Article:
Review Summary: Unity by Darrell Kelley, overall an impressive album from a man intended to help others find the path to a more spiritual life.
Darrell Kelley’s new album titled Unity is another solid release in this prolific artist’s short career. A man of God who has taken his career interests and intertwined them with music and preaching the gospel and turned them into businesses that help others find the path to a more spiritual life. Unity is simply the latest of many consistent messages all designed to illuminate the pathway to God based spiritual development. If you look at the titles alone you can see the pathway start to emerge. The first track is Unity itself; it is the exhortation to open your mind to the concepts of co-existence with all of God’s children. Set to a propulsive steady beat the words and music combine and start feeding off each other in a pleasing way that makes the listener be drawn in and feel welcome.
The affirmation continues with the song Be Great. You cannot hear that enough in life as a person. Setting your sights on greatness is a twofold blessing. The first being, you just might achieve it and have a success that was beyond the limits of your own imagination. The second being, even if you do not achieve greatness you will have picked up the skills and habits in life to achieve the status of “very good” in life. Now I do not know about you, but I think “very good” is a fine neighborhood to live in. Musically it has the seductive feel of hip hop and the female vocals and keyboards create a lush palette for the words of encouragement. The album then moves into the controversial with the track Money And Power. It is another bumping hip-hop flavored track that addresses the real human game of going out and trying to establish your identity through the pursuit of money and power. Darrell Kelley notes the obvious fact that if the man himself is corrupt then the pursuit of power usually leads to the twin lanes of destruction and evil. Accompanied by a very professional looking music video Kelley seems to be using his money for good to spread the message.
Apparently, Darrell’s spirituality gives him the strength and courage to address the controversial NFL kneeling brouhaha. Again, treading the fine line between Gospel, rap, and hip-hop to speak about the player’s right to express their feelings in any forum in the land of free speech. It is one of Kelley’s more negative songs though. He could have approached it from the much more inclusive side that looks at all aspects of the situation. He has chosen to take a stand and there are some that may find it courageous. Standing up and fighting for what you believe is fine, if what you believe in is ultimately righteous and does not create great conflict or animosity towards our neighbors. Kneeling to bow your head in prayer not protest is the best way for a Christian to go.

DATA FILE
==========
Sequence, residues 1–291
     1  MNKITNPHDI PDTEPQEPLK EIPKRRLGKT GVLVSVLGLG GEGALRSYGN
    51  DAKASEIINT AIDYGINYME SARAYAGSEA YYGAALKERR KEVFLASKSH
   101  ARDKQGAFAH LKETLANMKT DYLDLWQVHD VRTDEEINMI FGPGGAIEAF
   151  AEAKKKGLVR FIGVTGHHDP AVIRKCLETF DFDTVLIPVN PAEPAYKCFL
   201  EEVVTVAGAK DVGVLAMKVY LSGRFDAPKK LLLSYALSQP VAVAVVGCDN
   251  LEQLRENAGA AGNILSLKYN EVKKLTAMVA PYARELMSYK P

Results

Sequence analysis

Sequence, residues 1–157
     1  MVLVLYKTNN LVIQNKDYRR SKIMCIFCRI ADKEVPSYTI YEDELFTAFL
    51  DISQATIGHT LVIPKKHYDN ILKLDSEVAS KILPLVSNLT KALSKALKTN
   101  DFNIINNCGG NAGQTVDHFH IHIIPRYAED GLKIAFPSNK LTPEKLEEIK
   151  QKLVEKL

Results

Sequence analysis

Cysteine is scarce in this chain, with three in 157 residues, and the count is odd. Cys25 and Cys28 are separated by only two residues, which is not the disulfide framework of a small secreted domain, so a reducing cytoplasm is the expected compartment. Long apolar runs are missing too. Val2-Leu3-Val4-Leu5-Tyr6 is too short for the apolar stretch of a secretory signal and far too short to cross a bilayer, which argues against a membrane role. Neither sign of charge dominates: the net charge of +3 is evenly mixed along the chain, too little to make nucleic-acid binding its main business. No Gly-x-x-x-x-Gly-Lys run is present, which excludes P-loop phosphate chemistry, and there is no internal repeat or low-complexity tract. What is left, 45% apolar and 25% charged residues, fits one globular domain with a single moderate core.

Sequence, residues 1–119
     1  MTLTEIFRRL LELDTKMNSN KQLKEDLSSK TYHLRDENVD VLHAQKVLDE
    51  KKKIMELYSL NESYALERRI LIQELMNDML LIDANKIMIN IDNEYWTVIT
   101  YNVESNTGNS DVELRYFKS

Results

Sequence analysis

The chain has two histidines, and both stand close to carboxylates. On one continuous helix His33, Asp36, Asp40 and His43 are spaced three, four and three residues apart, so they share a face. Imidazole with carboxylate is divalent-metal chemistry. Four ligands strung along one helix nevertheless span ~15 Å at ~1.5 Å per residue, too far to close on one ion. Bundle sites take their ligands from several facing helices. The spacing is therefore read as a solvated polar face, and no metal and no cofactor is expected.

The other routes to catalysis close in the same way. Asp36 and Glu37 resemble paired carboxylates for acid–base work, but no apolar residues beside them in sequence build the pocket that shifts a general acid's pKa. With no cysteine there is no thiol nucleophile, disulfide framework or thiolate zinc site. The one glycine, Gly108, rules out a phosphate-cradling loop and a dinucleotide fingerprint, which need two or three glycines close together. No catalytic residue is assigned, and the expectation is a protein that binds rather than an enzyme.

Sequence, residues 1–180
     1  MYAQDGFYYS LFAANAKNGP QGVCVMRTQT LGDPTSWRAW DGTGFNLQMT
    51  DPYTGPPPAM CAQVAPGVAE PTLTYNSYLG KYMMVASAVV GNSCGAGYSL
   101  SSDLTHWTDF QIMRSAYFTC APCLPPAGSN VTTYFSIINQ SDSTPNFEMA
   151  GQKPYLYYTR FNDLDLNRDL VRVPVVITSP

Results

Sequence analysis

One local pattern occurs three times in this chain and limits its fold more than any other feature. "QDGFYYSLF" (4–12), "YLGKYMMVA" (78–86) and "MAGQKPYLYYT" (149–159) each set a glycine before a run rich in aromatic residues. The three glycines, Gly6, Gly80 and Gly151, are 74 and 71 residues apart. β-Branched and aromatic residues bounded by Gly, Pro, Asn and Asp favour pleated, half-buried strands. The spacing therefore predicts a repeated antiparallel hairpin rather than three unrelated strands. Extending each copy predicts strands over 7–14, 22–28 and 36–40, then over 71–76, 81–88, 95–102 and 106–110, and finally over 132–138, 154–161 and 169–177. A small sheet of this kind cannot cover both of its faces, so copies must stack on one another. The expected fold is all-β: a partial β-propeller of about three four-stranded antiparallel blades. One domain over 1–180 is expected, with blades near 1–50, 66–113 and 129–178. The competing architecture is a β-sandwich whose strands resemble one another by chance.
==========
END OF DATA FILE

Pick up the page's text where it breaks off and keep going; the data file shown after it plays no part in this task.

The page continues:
Focus finds the artist getting back to a more positive and less divisive message. Again with music based on a standard electronic drumbeat he gives words of encouragement to those who may be disaffected by the failure of their chosen endeavors in life. Finely auto-tuned vocals used in the Kanye West style gives the track a contemporary feel that makes the words of encouragement go down easy. Come Over finds Kelley mining the more secular contemporary love song that is a welcome respite at this point in the albums running order. Every good preacher knows that you must address the Adams and Eves in the congregation and this track does it with dignity and a splash of sultry. Darrell is saying that you do not always have to come running when an Eve calls. The best love between woman and man is from a foundation of friendship and married family. It can be hard for some to resist, but you do get points for trying. The swirling middle eighth of this song is one of the more mesmerizing parts of this album.
Sorry is a highlight on this record with Darrell reaching back to the styles of the best of the great soul performances of artists like Stevie Wonder, The Dramatics or the Chi-Lites, with childlike playful background vocals turns based around a basic but effective keyboard pattern. It gives me a slight throwback feeling to a song like Sly Stone’s Everyday People and that songs playful recitation. Or maybe the song Hard Lick Life is more current a reference. The mood starts darkening as the album goes one. The Storm Is Coming, is the black cloud hovering in the horizon while sunshine still warms your face. There is a line from the church world that says “Your arms are too short to box with God”. This song is almost the same kind of metaphor, a reminder that the end is coming down the road and you want to have your spiritual house in order. That can act as an umbrella for your soul to keep you dry, warm and happy when you go to enter God’s kingdom at the time you are called.
As the author of the Book of UWGEAM, which is an acronym for God of the world, God of all Gods, God of everything, God of anything including all humanity, Kelley brings the basic principles to most of the songs on Unity. This song is the clearest expression of it. It actually name checks the book’s title and devotes itself to staying within the parameters set out in his book. The chanted chorus of the words Until the End of Time is one of the albums strongest and catchiest musical hooks. The album ends warmly on a high note with Call His Name. The mix-up of some different musical touches like the acoustic guitar and the dance club hand claps takes this song and elevates it above the past couple of songs on the track list. It gives some needed nuance and change in the musical bedrock of the production. The background music adds a nice sense of urgency that goes with the duet male female vocals. There is also the nice touch of the ripping lead guitar runs that walks the album to its conclusion. Overall an impressive album by a fledgling artist that bears watching in the future.